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-[Film Reviews]-, Chinese Cinema, East Asian Cinema

‘Drug War’ (2012): Johnnie To’s Sociopathic Crime Saga


Directed by: Johnnie To || Produced by: Johnnie To, Wai Ka-Fai

Screenplay by: Wai Ka-Fai, Yau Nai-hoi, Ryker Chan, Yu Xi || Starring: Sun Honglei, Louis Koo, Huang Yi, Wallace Chung, Gao Yunxiang, Li Guangjie, Guo Tao, Li Jing, Lo Hoi-pang, Eddie Cheung

Music by: Xavier Jamaux || Cinematography: Cheng Siu-Keung, To Hung-Mo || Edited by: Allen Leung || Country: China, Hong Kong || Language: Mandarin, Cantonese

Running Time: 105 minutes

Johnnie To is regarded as one of the most prolific and versatile filmmakers in East Asia. A native of Hong Kong, but like many of his fellow islanders (e.g. Wong Kar-wai, John Woo), fluent in mainland Chinese filmmaking as well, To grasps the fundamentals of crime drama storytelling like few others, and remains a revered cult icon throughout international film culture. Needless to say, To’s most widely distributed international hits are his violent, action-packed police procedurals, the first of which to be shot in mainland China was 2012’s Drug War. The film’s blunt, straightforward approach to color palettes, story structure, and violence mirror its simplistic yet ominous title. Drug War feels reminiscent of many cops vs. robbers crime dramas the world over, reveling in procedural jargon and political maneuvering, pacing every shootout with intense techno-babble and undercover confrontations, and of course embracing the climax of bloody double-crosses. Then again, its distinct mainland Chinese backdrop lends a unique, memorable feature to its overall story as well as its character interactions.


Top: The local Triad syndicate reveal themselves. Bottom: Sun Honglei takes aim in the brutal shootout finale.

For those of you who don’t know, China’s law enforcement protocol with regards to the drug trade is one of zero tolerance: Drug traffickers are subject to the death penalty, and that overhanging ultimatum is what powers the film’s morbid approach to police characterizations, as well as its dry, almost black humor.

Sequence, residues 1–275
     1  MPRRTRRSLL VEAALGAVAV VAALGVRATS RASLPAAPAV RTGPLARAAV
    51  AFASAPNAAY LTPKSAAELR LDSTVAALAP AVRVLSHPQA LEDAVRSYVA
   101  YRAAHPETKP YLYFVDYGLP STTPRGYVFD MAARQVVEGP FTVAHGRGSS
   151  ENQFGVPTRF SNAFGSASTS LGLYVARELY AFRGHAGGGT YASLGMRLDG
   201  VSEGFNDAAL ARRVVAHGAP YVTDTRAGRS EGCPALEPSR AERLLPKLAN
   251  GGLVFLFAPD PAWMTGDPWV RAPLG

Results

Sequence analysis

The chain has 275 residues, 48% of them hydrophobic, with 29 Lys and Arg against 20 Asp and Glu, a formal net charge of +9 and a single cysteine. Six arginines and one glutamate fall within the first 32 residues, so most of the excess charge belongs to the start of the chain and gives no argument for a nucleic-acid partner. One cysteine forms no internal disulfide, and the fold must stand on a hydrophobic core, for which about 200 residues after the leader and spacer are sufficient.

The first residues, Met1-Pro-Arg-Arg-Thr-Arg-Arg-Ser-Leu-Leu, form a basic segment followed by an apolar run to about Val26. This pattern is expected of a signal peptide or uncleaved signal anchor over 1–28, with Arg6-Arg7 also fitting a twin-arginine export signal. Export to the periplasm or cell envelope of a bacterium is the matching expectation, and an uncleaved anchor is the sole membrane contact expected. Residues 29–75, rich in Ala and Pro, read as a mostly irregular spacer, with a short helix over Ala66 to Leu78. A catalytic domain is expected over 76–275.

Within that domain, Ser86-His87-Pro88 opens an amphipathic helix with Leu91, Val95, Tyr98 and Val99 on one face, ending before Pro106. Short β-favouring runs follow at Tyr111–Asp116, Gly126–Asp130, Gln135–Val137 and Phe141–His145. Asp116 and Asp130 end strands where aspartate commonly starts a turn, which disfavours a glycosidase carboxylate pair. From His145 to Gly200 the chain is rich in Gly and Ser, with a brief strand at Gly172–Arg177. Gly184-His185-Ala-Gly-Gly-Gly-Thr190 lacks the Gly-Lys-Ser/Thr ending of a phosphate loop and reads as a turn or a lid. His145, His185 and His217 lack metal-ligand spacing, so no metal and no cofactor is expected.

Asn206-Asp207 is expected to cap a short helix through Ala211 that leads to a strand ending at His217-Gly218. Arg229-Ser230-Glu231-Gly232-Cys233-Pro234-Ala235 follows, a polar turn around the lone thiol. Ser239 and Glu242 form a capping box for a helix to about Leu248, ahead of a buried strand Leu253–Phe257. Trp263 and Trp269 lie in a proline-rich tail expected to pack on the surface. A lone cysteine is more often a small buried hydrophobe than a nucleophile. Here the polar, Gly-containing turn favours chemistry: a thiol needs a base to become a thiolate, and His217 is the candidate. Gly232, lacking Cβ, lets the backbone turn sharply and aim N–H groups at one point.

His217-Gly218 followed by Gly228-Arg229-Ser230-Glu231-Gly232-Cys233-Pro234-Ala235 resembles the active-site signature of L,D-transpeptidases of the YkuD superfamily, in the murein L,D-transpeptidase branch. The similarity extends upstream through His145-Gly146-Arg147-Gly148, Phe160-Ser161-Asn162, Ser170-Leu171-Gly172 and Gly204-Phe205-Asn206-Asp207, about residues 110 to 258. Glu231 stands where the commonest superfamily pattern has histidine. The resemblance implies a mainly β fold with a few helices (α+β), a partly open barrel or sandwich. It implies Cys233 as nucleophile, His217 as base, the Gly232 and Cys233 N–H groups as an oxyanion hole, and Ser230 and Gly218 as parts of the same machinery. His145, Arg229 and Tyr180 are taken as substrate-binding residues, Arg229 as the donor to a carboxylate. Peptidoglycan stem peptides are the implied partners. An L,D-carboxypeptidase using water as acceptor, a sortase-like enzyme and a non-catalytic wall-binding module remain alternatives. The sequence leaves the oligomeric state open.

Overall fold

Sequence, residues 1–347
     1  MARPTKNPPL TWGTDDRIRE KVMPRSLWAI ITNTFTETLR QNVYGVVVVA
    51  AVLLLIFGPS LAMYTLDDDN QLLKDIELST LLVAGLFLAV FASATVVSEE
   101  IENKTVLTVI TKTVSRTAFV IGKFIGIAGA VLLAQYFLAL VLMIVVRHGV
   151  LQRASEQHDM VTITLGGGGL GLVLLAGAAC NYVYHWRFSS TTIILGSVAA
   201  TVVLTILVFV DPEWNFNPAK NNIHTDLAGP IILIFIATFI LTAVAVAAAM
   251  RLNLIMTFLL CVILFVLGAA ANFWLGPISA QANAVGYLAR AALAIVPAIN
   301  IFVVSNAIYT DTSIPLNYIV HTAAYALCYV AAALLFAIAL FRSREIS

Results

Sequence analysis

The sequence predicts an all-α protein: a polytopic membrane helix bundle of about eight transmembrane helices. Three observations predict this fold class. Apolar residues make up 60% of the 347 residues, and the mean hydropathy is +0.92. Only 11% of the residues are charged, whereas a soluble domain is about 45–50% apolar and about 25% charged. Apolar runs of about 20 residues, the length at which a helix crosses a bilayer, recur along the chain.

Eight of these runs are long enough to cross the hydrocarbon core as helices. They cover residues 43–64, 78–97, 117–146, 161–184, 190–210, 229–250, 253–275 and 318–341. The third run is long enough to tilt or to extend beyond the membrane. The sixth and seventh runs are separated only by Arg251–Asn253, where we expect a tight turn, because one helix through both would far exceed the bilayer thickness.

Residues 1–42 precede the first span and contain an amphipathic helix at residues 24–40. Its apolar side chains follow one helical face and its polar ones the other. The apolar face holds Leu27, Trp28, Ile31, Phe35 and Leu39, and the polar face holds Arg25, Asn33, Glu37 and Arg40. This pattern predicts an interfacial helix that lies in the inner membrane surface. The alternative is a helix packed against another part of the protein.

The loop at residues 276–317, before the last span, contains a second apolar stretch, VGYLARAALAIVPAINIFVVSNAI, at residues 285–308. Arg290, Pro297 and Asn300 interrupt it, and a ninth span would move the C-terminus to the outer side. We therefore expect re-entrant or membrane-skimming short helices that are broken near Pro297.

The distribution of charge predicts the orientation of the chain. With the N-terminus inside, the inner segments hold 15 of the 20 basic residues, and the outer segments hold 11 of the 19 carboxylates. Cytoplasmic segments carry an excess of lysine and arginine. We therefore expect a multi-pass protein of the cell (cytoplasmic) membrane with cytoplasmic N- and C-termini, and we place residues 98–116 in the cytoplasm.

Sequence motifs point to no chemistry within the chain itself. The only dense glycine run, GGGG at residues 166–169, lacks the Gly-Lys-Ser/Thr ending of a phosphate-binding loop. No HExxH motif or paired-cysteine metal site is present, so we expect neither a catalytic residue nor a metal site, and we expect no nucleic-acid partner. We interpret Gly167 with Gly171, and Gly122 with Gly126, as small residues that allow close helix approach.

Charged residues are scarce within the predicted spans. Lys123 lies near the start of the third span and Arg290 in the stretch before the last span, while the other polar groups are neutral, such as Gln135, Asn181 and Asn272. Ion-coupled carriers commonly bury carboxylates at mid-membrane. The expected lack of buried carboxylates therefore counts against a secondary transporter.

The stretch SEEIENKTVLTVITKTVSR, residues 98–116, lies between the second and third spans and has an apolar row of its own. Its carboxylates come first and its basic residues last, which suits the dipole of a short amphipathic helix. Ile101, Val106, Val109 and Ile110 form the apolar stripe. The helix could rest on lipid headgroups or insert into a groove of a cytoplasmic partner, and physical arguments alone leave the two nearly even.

Drug War’s two opposing leads, Sun Honglei (the lead police investigator) and Louis Koo (a mid-level enforcer caught in conjunction with a larger, separate drug-bust), could represent the narrative’s warped interpretation of yin and yang. I’m a novice student of Taoism to say the least, but To’s calloused, matter-of-fact juxtaposition of these two characters is so unnerving that it contrasts with otherwise surface-level comparable examples of undercover cops and criminals. Infernal Affairs (2002) and Heat (1995) are the most immediate comparisons, but both those crime epics are melodramas compared to To’s surgical, methodical contemplation of the sometimes razor-thin line between law and chaos, between crime and punishment.

Much of these two lead’s memorable relationship (re: rivalry) has to do with their respective performances. Sun portrays one of the subtlest characterizations I’ve seen in a crime drama, imbuing his character with more hostility, emotion, and motivation through stonewall expression, piercing stares, and an unforgettably cold demeanor. His character’s forays in undercover missions allow him numerous opportunities at emotional range and dark humor, but these dishonest extensions of mirth are further emphases on his calloused, by-the-book attitude. Contrasting him perfectly is Koo’s slick, charismatic, two-faced Triad brat, who puts an uncanny spin on the usual spoiled, incompetent mafia spawn by portraying a calculating, intelligent criminal whose outward emotions provide no clue for whatever antisocial personality disorder lies beneath. The back-and-forth competition between these two leads, extended by their command over their respective law enforcement and drug lord teams, is the core of Drug War’s drama.